If you are experiencing problems with your gas line, and would prefer to shut it off while you wait for advice, you may be looking at the gas pipes connecting to your home, and wondering which one of them is the right one to turn off. Many people feel that if people close off their gas supplies on their own, they should at least know which valve is the correct one. If you are experiencing a slight smell of gas, hearing it leak, are making a repair, or can see very obvious damage, you should follow these few simple steps to help you shut off your gas.
Step 1 - Be Prepared
If you are the homeowner, you should already know where the gas meter for your home can be found. You should be taking care of your meter, and that includes keeping it clean, and preventing it from being overwhelmed by bushes and grass. Make sure your meter is easy to reach from the house because you do not want to be struggling to reach it while gas is leaking around you.
Step 2 - Examine the Meter
While there, look at the meter and pipes. From an amateur point of view, it seems very complicated, and most people have no idea what they are seeing or how to locate the valve. In most cases, the valve is not on the meter, but is close by, actually located on another pipe. It looks rather like the pipe has two arms, one either side of a body. The shut off valve you will need is usually found soon after the pipe comes up from the ground, and before the pipes reach the pressure regulator. Look around that area to locate it.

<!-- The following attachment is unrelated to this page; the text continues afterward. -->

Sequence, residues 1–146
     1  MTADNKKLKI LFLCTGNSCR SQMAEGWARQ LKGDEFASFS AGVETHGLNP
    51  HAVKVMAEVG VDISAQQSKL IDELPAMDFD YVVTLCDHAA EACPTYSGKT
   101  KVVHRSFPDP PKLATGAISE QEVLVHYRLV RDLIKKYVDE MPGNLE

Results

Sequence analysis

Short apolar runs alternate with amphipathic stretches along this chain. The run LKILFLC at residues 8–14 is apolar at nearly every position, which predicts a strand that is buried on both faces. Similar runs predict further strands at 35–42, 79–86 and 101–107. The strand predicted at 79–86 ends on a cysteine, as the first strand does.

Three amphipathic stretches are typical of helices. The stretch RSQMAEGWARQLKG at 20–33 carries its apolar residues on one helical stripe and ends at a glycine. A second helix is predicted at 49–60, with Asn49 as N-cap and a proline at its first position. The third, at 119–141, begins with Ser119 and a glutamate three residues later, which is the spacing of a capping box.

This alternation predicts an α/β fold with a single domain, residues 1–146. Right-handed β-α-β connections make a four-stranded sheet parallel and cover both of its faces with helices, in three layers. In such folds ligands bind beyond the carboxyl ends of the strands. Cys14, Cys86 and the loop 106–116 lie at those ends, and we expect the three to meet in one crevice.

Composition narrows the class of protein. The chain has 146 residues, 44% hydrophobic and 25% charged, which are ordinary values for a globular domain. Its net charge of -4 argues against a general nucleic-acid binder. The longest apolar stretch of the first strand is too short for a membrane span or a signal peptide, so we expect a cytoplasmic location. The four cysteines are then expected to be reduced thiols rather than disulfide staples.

Step 3 - Turn off the Valve
In the usual situation, the shut-off valve will be found in the "on" position. The valve knob on the side will be lined up with the pipe, forming a bar which is running in the same direction as the pipe on which it sits. Check that this is the case, and then proceed. Take the knob in the grip of your wrench or pliers, and twist to the right. You should find the knob moves with ease, and soon forms a straight bar running left-to-right. Don't pull the bar too hard, as you can snap it off and lose control of the valve.
Step 4 - Only a Quarter Turn, That's it
The turn you have performed on the gas valve is only a one quarter turn, and this should be enough to stop the gas from flowing into your home. Don't be tempted to move the knob anymore, as this quarter turn is enough for your purposes. It is vital not to move the knob too much as you turn it because you may end up re-opening the gas line. Aim to be perpendicular to the pipe, and that will shut off the gas.